Inflammation plays a key role in improving the ability to relearn motor skills lost as a result of spinal cord injuries, such as grasping objects, new University of Alberta research shows.
U of A spinal cord researchers Karim Fouad, a Canada Research Chair in the Faculty of Rehabilitation Medicine, and Abel Torres Espín studied inflammation and rehabilitation training in rodents and discovered that creating a mild inflammatory response improved a rat's ability to relearn how to pick up pellets months following a spinal cord injury.
"Time is of the essence," explained Fouad. "It's usually impossible at the early stages to train at a high enough intensity to regain motor functions. If patients can't work on recovering those skills effectively, those skills are lost forever and cannot be regained."
Fouad's findings could have significant impact on how nervous system injuries are treated in the future, to improve patient recovery.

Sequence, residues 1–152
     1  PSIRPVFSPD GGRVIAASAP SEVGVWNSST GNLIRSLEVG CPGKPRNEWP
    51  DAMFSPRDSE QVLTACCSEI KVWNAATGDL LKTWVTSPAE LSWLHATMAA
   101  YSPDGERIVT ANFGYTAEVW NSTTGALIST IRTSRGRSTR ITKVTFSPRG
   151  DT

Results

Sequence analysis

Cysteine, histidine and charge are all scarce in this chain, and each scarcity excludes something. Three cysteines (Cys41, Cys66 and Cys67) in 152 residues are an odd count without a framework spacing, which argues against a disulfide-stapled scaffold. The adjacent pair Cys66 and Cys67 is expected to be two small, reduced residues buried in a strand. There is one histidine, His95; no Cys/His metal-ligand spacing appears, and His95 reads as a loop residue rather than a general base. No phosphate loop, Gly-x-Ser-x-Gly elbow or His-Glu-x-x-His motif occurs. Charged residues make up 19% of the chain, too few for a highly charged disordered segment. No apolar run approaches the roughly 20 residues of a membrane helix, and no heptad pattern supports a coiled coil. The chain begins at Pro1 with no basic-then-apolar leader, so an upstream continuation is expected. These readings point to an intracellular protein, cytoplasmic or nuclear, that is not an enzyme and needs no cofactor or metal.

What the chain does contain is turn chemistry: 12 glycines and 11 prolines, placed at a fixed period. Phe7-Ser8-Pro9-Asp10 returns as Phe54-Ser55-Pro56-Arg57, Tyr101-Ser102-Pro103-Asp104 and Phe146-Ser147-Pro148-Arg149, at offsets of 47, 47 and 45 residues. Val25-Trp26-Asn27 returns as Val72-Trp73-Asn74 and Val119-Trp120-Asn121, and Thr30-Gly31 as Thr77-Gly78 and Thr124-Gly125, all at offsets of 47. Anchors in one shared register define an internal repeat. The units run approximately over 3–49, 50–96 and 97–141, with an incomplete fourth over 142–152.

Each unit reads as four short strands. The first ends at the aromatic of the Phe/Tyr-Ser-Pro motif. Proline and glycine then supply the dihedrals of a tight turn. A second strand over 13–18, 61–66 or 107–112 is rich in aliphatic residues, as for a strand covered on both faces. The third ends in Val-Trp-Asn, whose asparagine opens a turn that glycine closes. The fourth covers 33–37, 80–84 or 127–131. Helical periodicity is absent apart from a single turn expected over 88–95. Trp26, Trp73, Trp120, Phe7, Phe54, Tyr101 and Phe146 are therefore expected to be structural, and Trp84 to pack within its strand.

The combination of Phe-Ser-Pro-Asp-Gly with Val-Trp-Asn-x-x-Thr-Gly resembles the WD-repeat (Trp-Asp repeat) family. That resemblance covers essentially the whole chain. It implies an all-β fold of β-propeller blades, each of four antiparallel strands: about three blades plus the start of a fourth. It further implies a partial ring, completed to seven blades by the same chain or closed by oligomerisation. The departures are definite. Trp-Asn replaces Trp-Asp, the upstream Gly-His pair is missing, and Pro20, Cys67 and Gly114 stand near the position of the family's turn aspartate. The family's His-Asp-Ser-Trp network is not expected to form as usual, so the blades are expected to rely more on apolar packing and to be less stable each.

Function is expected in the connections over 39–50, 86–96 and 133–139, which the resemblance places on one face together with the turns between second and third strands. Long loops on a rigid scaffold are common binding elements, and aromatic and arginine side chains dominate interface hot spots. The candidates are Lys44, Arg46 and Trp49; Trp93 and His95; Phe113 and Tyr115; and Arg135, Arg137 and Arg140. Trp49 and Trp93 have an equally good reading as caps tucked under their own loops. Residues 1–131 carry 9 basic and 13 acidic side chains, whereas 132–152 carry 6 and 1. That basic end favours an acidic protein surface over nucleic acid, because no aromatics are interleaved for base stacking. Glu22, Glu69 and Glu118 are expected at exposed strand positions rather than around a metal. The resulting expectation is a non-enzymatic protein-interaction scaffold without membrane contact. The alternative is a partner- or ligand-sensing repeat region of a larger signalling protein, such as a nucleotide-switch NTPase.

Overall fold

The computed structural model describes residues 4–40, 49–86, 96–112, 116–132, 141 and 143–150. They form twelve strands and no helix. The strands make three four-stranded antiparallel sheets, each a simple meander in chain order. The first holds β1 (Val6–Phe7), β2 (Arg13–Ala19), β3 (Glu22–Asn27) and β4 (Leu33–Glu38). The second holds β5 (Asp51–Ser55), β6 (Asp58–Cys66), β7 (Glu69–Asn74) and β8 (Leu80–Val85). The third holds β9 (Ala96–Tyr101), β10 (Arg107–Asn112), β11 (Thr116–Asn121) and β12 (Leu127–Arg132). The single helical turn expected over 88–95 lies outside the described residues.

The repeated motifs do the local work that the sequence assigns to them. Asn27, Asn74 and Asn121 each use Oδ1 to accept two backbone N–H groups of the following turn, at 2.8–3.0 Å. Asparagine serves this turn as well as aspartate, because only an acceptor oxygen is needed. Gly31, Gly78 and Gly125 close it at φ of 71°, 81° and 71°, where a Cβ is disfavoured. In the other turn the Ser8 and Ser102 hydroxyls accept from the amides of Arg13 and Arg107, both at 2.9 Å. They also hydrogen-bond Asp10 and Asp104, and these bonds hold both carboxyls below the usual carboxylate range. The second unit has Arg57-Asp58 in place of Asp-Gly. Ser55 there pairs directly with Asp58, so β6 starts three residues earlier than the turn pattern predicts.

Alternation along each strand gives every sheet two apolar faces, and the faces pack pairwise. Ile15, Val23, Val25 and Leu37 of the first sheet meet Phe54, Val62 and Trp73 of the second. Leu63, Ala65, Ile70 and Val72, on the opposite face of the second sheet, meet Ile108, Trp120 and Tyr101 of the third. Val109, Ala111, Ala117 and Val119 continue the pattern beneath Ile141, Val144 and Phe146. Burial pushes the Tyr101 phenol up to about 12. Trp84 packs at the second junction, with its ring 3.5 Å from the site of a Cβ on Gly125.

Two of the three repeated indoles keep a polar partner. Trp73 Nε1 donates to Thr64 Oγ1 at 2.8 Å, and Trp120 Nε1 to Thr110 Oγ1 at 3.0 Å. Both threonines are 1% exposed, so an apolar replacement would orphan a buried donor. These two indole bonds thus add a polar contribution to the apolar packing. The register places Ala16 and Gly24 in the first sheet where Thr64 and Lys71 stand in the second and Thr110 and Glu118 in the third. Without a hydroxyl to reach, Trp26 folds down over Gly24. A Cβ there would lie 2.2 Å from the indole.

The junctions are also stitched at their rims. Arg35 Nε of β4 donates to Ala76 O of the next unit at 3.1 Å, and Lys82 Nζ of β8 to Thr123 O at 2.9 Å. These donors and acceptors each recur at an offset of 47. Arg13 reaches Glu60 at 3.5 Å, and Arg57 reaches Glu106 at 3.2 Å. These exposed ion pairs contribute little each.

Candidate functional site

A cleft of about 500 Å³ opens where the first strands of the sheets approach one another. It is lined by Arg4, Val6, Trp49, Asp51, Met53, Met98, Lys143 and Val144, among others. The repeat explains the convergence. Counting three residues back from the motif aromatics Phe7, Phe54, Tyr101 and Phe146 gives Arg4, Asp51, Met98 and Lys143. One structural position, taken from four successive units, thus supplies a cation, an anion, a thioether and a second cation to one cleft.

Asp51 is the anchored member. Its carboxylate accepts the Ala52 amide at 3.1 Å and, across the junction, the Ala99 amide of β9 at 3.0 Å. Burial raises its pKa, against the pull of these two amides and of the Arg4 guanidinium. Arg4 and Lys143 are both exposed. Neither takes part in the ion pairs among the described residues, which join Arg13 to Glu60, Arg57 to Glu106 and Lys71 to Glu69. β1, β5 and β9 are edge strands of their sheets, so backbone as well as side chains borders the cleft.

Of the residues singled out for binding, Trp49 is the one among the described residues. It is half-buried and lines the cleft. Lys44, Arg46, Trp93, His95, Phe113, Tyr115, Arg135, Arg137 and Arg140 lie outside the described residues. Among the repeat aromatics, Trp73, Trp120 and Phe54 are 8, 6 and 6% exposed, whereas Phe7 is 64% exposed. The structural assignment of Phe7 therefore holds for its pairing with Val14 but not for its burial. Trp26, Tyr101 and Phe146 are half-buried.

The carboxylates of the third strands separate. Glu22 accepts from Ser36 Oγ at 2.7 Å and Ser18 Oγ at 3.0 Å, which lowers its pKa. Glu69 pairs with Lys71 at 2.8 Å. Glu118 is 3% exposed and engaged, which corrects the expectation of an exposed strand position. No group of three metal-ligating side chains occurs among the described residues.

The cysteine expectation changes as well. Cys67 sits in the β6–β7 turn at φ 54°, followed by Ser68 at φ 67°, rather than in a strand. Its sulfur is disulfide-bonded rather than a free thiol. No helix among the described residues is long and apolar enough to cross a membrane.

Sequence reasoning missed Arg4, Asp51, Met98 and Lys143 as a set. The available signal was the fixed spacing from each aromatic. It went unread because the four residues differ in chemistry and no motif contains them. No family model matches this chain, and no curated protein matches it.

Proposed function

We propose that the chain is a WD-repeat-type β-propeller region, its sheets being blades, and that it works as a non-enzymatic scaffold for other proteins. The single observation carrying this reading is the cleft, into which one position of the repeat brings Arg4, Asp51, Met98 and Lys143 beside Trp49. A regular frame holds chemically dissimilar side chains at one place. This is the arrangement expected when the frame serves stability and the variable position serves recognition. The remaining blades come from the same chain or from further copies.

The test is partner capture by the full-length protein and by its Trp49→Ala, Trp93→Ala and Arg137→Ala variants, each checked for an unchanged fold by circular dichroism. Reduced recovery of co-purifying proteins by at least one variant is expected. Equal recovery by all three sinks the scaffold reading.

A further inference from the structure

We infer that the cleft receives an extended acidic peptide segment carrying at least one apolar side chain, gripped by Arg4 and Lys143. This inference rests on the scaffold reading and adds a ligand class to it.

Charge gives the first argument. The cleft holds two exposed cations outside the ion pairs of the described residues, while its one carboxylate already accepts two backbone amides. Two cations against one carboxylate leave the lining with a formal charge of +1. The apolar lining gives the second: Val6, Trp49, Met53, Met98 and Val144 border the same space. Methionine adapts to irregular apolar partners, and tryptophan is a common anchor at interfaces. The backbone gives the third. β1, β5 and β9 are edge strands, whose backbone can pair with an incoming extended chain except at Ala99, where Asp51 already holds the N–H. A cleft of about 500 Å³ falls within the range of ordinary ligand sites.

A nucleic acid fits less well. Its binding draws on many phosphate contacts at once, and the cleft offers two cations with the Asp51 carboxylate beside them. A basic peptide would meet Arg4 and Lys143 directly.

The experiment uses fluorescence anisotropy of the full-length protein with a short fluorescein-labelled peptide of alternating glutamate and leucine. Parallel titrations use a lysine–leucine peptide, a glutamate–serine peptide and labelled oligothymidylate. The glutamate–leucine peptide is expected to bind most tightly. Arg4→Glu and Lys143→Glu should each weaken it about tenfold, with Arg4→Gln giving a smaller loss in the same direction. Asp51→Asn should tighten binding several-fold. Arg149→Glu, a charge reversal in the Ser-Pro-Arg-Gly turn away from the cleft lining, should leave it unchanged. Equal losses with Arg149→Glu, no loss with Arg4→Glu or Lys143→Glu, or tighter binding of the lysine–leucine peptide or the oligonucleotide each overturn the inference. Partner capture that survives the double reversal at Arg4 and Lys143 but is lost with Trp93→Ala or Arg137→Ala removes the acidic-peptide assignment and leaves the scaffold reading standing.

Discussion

"If we can elicit similar responses in patients, this has huge potential to improve recovery," explained Fouad.
Loss of hand function is a leading cause of adult disability in Canada and can be devastating to patients and their families.
Fouad's team also ran studies to explore training intensity, and found the amount of reaching and the intensity matters to increased recovery. For the rats that were training more frequently, recovery was markedly improved, as mapping of stained nerve cells showed an increase in connectivity.
"After an injury, there are thousands of axons that are all trying to reconnect," said Fouad. "Rebuilding tends to be random, but with training it can be more deliberate and successful."
In order to develop a clinically relevant approach to modulate inflammation, Fouad's group is currently exploring which specific aspect of inflammation is key to nervous system rewiring.
Fouad's proof-of-principle, Eliciting Inflammation Enables Successful Rehabilitative Training in Chronic Spinal Cord Injury, was published in the July issue of Brain, the international journal of neurology.
The study was supported by Wings for Life (Austria) and the Canadian Institutes of Health Research.